She leaned her forehead against his, "Michael, Michael, I have to call an ambulance. I don't know what else to do."
She had found him on the floor between the couch and the coffee table, stretched out on his belly. She wasn't alarmed. He spends a lot of time down there these days. He usually seemed to be absorbed in the intricate patterns on some of the carpets. Sometimes he just fell asleep. When she wrapped up her telephone conversation with her friend she went into the living room to check on him before preparing supper. She hadn't seen him go to the floor but only minutes before she could see his head doing its characteristic dyskinesic bobbing and swaying while he watched TV, and clearly from his position on the floor he hadn't fallen, merely slid down for a nap. Or so it seemed.
She called his name; his eyes were open but not moving. He didn't respond. Repeatedly she called to him. No response, not even an attempt to make eye contact. When she tried to help him up into a sitting position, he was a dead weight. He couldn't move and yet he was breathing normally.
What the hell??
She continued to call his name, ask him questions, urge him to move. Nothing. She shoved the couch and coffee table back so she could manoeuvre him somehow. Rolling him onto his back worked; then she was able to get his knees up and haul him into a semi-sitting position, allowing her to pivot him on his bottom so that his back was to the couch but too far away to be propped against it. With careful wedging of pillows to prevent him falling back to the floor, she rushed around behind the couch to shove it back into position where she could lean him safely.
Now that he was up, she had to assess his cognitive functioning. "Michael, what's my name? Are you in any pain? Can you look at me? Can you squeeze my hand?" His eyes were blank, unmoving. His mouth was flapping in an odd fish-like manner, open and shut, open and shut. No sound could he utter. No eye contact. No hand squeezing. She ran into his room to grab the blood pressure monitor. Normal.
Was this a Parkinson's crisis? She'd seen near catatonia before but rarely this severe. Usually it was provoked by a trauma like a hospital visit or a dental procedure, never just out of the blue like this.
She grabbed the portable phone to call her neighbour, a nurse. No answer. She tried the doctor's office knowing it was late and probably closed. No luck. Then her son called, just checking in as he often does on his way home from work in a distant city. Relief flooded through her as she told him of the predicament but she hung up nearly immediately to call the after-hours number for home-care patients. He calmly promised to call back in a few minutes.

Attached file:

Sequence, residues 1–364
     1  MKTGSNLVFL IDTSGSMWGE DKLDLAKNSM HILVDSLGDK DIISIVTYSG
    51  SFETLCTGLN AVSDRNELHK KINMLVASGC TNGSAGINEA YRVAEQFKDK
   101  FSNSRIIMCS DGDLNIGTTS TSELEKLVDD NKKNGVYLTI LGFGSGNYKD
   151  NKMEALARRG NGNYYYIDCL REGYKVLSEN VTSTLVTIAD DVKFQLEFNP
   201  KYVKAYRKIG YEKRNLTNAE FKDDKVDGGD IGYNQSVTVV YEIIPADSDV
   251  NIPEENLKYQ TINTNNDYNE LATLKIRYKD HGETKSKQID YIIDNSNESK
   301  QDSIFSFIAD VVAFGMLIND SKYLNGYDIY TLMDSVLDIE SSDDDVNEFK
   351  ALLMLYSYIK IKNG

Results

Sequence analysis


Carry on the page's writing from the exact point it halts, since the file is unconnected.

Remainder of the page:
The patient, unruffled nurse at the other end of the phone, hearing her tale, stated very clearly that she had to call an ambulance. "There's nothing anyone can do for your husband at home. He must go. Will you call 911 as soon as you hang up?"
Yes, she promised, dread gripping her heart. Here we go. She took a deep breath preparing herself for the catastrophe that was about to unfold. In his fragile state this could well be the end. A terrified final few hours in that hated hospital. Heavy narcotics to quell the mania. Uniformed guards to protect the staff from her crazed husband. Straitjackets. Agony.
One last effort to bring him round before she made that call from which there was no return, her head resting against his, "Michael, Michael, I have to call an ambulance. I don't know what else to do. I love you. Please come back now. Don't let it end this way. Please."
His leg moved. His eyes flickered.
"Michael, look at me." His eyes moved tentatively to focus on her face.
"Michael, what's my name?" He whispered her name.
"Can you grip my hand?" A slight squeeze.
"Are you in any pain?" An almost imperceptible shake of the head.
She sat back on her heels and heaved a heavy sigh. She knew the spell might not have passed fully and she had to be very vigilant. She helped him up onto the couch, got him settled comfortably, then curled up next to him, head on his shoulder. With every passing second he became more alert, his eyes darting around the room, his quirky Parkinson's facial contortions returning, his tongue doing that weird shooting out of his mouth like a lizard, all of it a joyously welcome sight.
When he was fully recovered a few minutes later, she asked him if he could explain what those frightening fifteen minutes (or was it longer?) had been about. He could offer no explanation, of course, but in his garbled way, he said he could hear her through it all, that he had decided not to respond to her entreaties, and then he went on some ramble that made no sense at all.
It was music to her ears.
"A Prayer for those at Sea," Frederick Daniel Hardy, 1879